Passage: Two masters of iconic imagery

(CBS News) It happened this week . . . the loss of two masters of imagery.

Novelist and screenwriter Richard Matheson died last Sunday at his California home. His specialty was putting the scary visions that popped into HIS head into OURS.

William Shatner has a right to be nervous, in the classic "Twilight Zone" episode, "Nightmare at 20,000 Feet," written by Richard Matheson.
CBS
A bit of airplane daydreaming inspired him to write the classic "Twilight Zone" episode in which William Shatner sees a destructive hobgoblin out on the wing.

In another episode, he showed a lone woman in a farmhouse battling tiny space aliens . . . revealing only at the end that the "aliens" were actually Americans from a very distant Earth.

And though he didn't write the screenplays, his early novels inspired the 1957 film "The Incredible Shrinking Man" . . . and no fewer than three movie versions of "I Am Legend," the most recent with Will Smith in the starring role.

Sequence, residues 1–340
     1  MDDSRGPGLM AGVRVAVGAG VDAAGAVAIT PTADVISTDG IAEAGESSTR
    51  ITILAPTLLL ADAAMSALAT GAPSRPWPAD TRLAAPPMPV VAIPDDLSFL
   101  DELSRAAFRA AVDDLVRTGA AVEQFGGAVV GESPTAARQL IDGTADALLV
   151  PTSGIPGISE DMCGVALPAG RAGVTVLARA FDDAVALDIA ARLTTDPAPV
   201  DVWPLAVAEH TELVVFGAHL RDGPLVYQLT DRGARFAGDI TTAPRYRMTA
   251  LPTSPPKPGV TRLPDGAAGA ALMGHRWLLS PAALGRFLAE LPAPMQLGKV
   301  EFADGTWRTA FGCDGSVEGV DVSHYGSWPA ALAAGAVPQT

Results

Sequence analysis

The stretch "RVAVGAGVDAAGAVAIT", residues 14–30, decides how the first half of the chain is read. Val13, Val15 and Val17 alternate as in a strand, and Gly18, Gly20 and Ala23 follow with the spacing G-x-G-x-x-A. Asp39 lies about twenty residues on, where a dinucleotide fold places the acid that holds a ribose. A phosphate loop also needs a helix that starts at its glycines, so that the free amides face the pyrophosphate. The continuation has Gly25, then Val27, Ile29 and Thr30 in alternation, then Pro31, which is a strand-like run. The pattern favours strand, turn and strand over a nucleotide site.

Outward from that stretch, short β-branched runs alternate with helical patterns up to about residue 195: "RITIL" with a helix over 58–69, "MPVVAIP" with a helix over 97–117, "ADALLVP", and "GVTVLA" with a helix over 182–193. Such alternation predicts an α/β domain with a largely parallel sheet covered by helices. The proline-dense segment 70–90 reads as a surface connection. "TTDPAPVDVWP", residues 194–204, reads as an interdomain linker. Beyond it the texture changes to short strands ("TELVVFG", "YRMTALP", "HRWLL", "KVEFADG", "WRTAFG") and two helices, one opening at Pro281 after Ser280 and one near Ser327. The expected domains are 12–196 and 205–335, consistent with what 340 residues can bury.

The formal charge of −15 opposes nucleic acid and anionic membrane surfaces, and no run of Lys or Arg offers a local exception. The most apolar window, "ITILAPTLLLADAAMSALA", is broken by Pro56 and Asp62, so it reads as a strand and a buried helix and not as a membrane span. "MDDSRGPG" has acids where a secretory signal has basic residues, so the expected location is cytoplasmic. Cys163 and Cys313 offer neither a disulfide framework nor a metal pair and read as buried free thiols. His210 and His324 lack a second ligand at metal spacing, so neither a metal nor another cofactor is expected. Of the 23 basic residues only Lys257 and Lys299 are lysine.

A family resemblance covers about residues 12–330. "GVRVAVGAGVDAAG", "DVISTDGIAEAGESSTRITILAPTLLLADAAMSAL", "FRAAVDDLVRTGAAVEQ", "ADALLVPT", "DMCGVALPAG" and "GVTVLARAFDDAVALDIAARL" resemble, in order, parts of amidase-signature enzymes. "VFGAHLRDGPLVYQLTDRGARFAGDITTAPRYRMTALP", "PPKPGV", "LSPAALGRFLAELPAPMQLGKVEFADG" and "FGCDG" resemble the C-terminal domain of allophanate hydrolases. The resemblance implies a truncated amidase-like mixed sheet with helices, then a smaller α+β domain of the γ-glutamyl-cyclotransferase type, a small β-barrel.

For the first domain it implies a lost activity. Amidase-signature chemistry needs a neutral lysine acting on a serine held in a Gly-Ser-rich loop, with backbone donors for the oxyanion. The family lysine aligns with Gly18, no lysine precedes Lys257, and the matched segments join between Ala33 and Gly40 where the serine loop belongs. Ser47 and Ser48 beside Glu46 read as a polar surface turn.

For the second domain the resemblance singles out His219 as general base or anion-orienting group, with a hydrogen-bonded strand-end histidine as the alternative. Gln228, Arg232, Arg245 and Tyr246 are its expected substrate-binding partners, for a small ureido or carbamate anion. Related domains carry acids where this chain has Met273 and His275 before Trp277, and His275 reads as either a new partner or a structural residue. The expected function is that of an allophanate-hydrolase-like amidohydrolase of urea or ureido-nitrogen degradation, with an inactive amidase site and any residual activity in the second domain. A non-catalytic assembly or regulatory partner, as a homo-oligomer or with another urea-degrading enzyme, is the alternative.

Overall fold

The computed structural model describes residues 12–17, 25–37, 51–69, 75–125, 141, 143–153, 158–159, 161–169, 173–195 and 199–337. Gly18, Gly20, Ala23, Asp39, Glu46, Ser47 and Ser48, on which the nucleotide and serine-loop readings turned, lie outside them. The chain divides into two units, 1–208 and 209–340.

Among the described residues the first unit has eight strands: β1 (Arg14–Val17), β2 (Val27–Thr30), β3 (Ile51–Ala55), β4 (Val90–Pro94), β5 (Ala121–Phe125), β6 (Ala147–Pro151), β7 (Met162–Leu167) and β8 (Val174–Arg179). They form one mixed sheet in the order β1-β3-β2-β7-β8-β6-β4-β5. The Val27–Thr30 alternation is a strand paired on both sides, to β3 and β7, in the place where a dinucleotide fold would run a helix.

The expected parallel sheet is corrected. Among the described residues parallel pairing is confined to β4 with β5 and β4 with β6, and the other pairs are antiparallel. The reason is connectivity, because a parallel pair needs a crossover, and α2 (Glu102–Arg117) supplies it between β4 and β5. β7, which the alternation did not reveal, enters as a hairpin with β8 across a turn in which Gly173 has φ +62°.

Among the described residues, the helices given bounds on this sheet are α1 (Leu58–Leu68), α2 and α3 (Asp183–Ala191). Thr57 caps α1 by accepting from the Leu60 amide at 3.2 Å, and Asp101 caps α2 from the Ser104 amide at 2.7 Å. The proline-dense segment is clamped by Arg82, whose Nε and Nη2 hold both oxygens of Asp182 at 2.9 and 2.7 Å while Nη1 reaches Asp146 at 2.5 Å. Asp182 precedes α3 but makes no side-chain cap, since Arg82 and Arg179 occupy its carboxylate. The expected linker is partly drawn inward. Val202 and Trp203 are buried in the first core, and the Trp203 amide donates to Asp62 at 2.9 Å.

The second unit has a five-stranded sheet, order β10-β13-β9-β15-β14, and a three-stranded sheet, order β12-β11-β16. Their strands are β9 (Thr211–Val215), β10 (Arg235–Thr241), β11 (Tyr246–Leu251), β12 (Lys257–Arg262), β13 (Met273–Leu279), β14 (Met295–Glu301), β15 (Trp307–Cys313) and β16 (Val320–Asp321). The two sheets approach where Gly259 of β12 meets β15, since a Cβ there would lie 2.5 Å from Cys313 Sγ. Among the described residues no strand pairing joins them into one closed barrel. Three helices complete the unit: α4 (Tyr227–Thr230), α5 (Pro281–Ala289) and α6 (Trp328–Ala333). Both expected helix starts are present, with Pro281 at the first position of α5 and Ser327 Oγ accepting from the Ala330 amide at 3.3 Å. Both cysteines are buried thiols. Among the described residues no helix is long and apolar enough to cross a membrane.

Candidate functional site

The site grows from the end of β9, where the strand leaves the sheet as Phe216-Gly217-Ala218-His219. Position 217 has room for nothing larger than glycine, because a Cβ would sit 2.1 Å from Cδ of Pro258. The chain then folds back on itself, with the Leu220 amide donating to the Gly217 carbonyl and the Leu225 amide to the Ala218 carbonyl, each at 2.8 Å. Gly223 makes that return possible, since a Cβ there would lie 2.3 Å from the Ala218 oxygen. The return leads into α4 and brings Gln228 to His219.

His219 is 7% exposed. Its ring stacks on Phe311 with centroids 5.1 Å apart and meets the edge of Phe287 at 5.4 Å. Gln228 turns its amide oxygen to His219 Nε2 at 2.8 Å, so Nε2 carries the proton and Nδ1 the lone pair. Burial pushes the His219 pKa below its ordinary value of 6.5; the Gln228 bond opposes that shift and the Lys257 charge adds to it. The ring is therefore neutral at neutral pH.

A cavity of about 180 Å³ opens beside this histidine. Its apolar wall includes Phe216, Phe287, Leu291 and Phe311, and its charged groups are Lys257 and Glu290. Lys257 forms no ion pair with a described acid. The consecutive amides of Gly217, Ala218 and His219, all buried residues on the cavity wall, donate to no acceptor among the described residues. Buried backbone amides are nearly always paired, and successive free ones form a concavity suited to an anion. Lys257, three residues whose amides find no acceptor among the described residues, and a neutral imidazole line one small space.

Richard Matheson died just days before he was due to receive an award from the Academy of Science Fiction, Horror, and Fantasy Films.

He was 87 years old.

For more info:

  • Saturn Awards (Academy of Science Fiction, Horror, and Fantasy Films


Photographer Bert Stern captured unforgettable glimpses of real-life people.

One of the 2,500 images taken by photographer Bert Stern of Marilyn Monroe in her "Last Sitting," just weeks before her death in 1962.
Bert Stern/Courtesy of Freeman's
He literally turned the advertising world upside-down in 1955 with this image of an Egyptian pyramid shot through a martini glass.

He photographed virtually every major celebrity of his time, including Audrey Hepburn, Elizabeth Taylor and Richard Burton, and the fashion model Twiggy.

He's best known perhaps for the evocative photographs he took of Marilyn Monroe in 1962, just six weeks before her headline-making suicide . . . a series that came to be known as "The Last Sitting."

In last year's documentary, "Bert Stern: Original Mad Man," he opened a window into his motivation for taking so many pictures.

"I'm obsessive - that's why I take pictures, I guess," he said. "I take pictures of things I'm looking at and I put them in the camera. And they're mine. They're all mine."

Bert Stern was 83 years old.


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